‘There Is Still A Long Way To Go In Terms Of Bureaucracy To Adapt To This System.’
AK Party Human Rights Vice Chairperson and Member of Central Decision and Executive Board (MKYK) Murat Çiçek noted that the Presidential Government System is a dynamic system that finds the means to the crises of Turkey's political history, however that there is still a long way to go in terms of the institutions and organizations to settle.
If the Presidential Government System changes in Turkey, what features of the current system would need to be preserved or to be changed?
The current Presidential Government System in Turkey is actually a very new system that had passed through the filter of the society after all the crises, coups, post-coup administrations, coalition administrations and many problems in our political history throughout the history of the Republic. It is a dynamic system that finds the means to the crises of Turkey’s political history and ensures the political stability and the state’s continuance of Turkey. There is still a long way to go in terms of the state bureaucracy to adapt to this system and for the institutions and organizations to settle.
However, although the opposition parties promise to change this system, we know very well from our political experience that no matter who or what party would be in power tomorrow, they would want to benefit from the discernment of this system based on quick decision making and stability.
Therefore a change in the Presidential Government System is out of the question in Turkey. In this recent pandemic we’ve all clearly experienced the benefits of the system and of its speed in decision-making processes and especially the benefits it provides due to the principle of stability in management.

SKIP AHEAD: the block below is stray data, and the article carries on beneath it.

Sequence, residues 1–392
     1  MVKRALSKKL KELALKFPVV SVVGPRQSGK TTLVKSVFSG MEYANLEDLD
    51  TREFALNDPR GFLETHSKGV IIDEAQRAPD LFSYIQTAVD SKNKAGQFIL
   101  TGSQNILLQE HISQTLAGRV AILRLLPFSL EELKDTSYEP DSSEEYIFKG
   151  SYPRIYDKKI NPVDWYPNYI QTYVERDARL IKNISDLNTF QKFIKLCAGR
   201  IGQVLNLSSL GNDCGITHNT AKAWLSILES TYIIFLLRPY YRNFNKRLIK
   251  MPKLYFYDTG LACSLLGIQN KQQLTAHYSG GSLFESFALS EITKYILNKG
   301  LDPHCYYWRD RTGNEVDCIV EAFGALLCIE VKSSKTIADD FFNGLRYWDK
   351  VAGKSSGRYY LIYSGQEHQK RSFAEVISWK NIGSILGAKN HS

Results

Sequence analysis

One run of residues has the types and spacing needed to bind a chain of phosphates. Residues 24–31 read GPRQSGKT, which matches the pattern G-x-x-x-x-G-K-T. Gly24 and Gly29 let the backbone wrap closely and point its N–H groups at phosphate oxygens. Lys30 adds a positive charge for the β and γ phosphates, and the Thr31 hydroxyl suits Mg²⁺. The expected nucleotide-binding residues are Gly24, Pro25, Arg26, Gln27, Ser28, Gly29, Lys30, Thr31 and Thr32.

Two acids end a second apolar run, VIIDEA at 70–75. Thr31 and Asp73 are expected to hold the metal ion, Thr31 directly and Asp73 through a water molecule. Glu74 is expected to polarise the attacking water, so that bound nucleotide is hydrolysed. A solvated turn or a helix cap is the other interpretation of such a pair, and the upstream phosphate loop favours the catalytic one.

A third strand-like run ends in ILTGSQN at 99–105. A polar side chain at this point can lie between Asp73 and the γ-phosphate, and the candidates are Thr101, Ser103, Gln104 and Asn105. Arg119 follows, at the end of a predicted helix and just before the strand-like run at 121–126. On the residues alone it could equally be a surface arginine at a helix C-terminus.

The Presidential Government System claimed that it would make the governance in Turkey more effective and would clear up the unwieldness of the system. Do you think this claim has come true?
It is clear that the Presidential Government System constitutes the principle of stability in the governance in terms of Turkish political history tradition. Thanks to the stable administration, Turkey has benefited greatly from the Presidential Government System especially in our world where global economic crises, pandemics and epidemics are experienced. Quick decision-making mechanisms worked well within the Presidential Government System, however, the existence of some problems arising from the traditional bureaucratic understanding of Turkey became the subject of discussion. This is discussed both by our intellectuals and by our politicians.
The problem is, when you bring a new system in, it is very important that that system is compatible with the constitution. 1982 Constitution Act had been amended many times, but we still cannot get the efficiency we desire. What needs to be done here is this: An egalitarian, libertarian and democratic constitution that would comply with the stability of the Presidential Government System in the governance as well as with the speed of the decision-making processes and a constitution that would embrace whole Turkey.
When you prepare a constitution in a fundamentally liberal, democratic and pluralistic way, you have the chance to make your constitutional institutions adapt to it accordingly.